2. Bite-sized chunks of interaction. Client interactions need to be broken down into smaller, bite-sized bits in a virtual setting. Most of my clients, for example, report having shorter but more frequent calls to discuss a new opportunity. This has to do with many factors, including the rapidly changing environment that we currently face, the fatigue that sets in when you are on the phone or staring at a Zoom screen for more than an hour, the narrower bandwidth of human communications afforded by virtual interactions, and so on.
  3. More rapport building. Sometimes, when you’re in a virtual mode, it’s easy to just plunge into the business conversation. You’re not in someone else’s office, and the natural tendency to chat and connect on a personal level gets pushed aside by a task orientation. Take a few minutes at the start of a call to get to know the other person.
  4. Supplemental media. Now is a good time to surround your virtual interactions with additional media—for example, articles, well-done digital brochures, videos, podcasts, interactive demonstrations, and so on. Use them to bring your personality, your experiences, and your solutions more vividly to life.
  5. Better listening. You need to become an even better listener. Even on video, you don’t get the same clues about how the conversation is going. It’s easy to talk over the other person because of the signal delay and also—if you’re on the phone—because you don’t see the other person’s body language (e.g., their facial expression may telegraph that they want to say something, but you don’t see it).
  6. Better questions. Thoughtful questions—what I call Power Questions–are always critical, but even more so now. Why? Because it’s hard to feel personal warmth over the phone, and questions are important both because of the substance they uncover and because they telegraph your sincere interest in the other person. Studies show that people who ask good questions are perceived as more likable. Fresh, thought—provoking questions will help you overcome some of the limitations of virtual communications.
  7. More effective use of your voice. For example:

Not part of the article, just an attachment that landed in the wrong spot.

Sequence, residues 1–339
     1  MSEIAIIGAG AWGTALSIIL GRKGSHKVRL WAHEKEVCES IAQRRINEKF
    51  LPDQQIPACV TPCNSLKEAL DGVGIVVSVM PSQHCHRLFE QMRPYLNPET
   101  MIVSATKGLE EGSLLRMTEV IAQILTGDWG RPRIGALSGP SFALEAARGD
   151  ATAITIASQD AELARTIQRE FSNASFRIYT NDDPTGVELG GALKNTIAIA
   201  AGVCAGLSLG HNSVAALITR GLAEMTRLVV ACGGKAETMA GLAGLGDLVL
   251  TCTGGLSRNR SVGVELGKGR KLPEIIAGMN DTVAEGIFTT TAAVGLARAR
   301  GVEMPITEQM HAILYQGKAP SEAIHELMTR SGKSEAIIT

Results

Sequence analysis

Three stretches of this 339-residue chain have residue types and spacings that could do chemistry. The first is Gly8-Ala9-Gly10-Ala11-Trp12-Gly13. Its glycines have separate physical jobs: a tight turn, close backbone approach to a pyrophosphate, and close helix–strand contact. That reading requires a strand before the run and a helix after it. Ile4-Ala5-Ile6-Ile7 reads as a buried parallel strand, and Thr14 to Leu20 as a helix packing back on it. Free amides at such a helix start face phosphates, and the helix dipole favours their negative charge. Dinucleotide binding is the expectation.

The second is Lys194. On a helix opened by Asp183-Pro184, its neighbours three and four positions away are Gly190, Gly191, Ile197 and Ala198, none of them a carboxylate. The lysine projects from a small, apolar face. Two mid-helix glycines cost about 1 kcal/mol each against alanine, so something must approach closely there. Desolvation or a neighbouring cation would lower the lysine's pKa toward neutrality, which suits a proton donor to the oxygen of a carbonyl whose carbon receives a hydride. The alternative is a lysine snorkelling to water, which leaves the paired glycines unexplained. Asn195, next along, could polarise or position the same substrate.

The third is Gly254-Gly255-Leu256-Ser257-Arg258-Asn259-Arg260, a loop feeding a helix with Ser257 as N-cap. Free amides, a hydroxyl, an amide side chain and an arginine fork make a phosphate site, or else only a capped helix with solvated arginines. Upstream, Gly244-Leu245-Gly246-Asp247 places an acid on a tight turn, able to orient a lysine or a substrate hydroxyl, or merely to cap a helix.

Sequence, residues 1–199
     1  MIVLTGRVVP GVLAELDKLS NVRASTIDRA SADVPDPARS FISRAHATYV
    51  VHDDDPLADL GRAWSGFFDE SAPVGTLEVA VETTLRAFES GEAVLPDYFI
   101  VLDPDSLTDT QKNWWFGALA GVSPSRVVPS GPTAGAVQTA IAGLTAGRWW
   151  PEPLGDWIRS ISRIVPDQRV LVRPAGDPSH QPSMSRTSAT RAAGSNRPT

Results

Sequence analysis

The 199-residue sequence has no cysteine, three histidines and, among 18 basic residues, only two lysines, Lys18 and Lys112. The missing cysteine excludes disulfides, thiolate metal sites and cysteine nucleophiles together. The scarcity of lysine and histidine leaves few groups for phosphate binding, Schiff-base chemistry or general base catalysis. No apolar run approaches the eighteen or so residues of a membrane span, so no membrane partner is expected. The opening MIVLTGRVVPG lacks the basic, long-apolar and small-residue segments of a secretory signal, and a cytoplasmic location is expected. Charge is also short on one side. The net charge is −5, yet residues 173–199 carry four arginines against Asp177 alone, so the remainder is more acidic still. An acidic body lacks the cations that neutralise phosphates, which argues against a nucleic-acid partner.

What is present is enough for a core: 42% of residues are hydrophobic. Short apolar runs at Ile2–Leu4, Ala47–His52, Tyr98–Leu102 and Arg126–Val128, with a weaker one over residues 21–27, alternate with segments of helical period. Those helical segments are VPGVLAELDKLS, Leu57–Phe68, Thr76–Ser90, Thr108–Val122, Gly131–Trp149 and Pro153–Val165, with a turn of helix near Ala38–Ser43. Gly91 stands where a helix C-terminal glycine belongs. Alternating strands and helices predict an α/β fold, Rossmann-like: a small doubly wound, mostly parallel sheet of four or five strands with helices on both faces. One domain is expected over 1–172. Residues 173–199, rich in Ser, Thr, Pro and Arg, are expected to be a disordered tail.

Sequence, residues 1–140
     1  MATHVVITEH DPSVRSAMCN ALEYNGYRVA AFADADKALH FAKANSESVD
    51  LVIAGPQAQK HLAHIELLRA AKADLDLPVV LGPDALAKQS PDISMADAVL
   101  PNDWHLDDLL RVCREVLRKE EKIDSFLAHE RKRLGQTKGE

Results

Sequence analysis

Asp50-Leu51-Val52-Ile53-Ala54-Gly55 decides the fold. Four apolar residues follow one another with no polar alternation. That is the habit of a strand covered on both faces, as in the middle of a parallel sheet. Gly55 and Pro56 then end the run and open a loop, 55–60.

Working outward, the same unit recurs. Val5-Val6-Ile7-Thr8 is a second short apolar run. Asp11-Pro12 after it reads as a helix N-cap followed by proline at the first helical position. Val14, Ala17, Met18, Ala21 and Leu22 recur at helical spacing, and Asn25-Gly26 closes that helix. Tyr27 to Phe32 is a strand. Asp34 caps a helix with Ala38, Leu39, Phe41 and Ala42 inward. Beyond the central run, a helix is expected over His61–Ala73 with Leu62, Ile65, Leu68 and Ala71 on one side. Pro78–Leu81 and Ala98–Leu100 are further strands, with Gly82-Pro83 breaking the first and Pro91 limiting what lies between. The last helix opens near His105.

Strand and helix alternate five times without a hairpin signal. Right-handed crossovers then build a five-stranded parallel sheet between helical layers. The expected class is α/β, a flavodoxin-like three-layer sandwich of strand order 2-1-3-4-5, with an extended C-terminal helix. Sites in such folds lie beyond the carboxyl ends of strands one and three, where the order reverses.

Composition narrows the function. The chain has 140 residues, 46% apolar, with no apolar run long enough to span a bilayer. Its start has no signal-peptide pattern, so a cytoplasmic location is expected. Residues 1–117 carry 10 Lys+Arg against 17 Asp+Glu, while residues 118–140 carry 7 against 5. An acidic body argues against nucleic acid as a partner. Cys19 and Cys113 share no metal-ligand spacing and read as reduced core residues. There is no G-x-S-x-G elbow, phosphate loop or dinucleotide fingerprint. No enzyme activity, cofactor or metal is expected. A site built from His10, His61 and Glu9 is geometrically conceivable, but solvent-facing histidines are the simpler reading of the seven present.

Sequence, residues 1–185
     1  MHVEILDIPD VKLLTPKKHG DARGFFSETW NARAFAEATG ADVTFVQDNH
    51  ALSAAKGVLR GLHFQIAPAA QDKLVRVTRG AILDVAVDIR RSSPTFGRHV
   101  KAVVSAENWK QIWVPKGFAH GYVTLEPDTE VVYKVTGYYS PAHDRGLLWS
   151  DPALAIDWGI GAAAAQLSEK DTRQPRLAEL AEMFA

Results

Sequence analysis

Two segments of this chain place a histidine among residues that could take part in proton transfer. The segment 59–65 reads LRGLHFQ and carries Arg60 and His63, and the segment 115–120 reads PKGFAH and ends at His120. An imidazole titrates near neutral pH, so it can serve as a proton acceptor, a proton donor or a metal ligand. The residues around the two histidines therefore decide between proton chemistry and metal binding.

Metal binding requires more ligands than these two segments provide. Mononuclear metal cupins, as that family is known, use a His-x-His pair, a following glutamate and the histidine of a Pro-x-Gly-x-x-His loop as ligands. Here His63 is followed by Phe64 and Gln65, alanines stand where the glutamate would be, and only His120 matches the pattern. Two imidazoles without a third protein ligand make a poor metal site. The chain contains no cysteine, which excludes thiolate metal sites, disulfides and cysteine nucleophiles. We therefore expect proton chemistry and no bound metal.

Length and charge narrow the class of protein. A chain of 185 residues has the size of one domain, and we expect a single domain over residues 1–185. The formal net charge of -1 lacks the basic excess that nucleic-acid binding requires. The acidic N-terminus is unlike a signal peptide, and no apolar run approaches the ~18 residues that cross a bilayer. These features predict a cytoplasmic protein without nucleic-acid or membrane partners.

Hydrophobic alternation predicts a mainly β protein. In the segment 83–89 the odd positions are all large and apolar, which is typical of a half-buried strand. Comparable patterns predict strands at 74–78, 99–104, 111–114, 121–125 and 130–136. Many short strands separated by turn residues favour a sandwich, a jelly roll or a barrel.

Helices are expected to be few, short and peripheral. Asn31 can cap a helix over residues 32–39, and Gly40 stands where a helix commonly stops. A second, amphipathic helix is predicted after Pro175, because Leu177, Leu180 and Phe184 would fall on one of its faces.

• Sameness is the enemy of the speaker. Modulate your tone, volume, and cadence/rhythm to keep the listener engaged. Slow down to make an important point. Lower your voice to convey seriousness (that’s right—lower it, don’t raise it).
    • Pause more often and for longer periods of time than you would if you were face to face. These silences invite the other person to speak, and they help ensure you don’t talk over them.
    • Project energy and enthusiasm—even more than normal. If you have a soft voice and you don’t tend to inflect your speech that much, you can come across as low-energy on the phone. Again, studies show that high levels of enthusiasm make you more likable and interesting to others.

The critical challenge is to master the core principles and steps of the business development process. Adjusting them to a virtual world is actually the easy part.

Get It Starts with Clients and Join the free 100-Day Client Growth Challenge

One firm just wrote to me: “Our whole client service team is going through the book and the Growth Guide together. The account managers are doing the weekly assignments, which push them to engage more often and more productively with their clients. We’re already seeing positive results.”

If you don’t already have one, you can get your copy of It Starts with Clients, hereYou’ll also be able to download my free, 46-page Client Growth Guide and join other readers in my 100-Day Growth Challenge. Each week, for 100 days, I’ll guide your through the strategies and action steps you must implement now in order to connect deeply with your clients and emerge stronger than ever from the current turbulence. It’s a complimentary course in building clients for life (well, plus the cost of the book!).

Back to top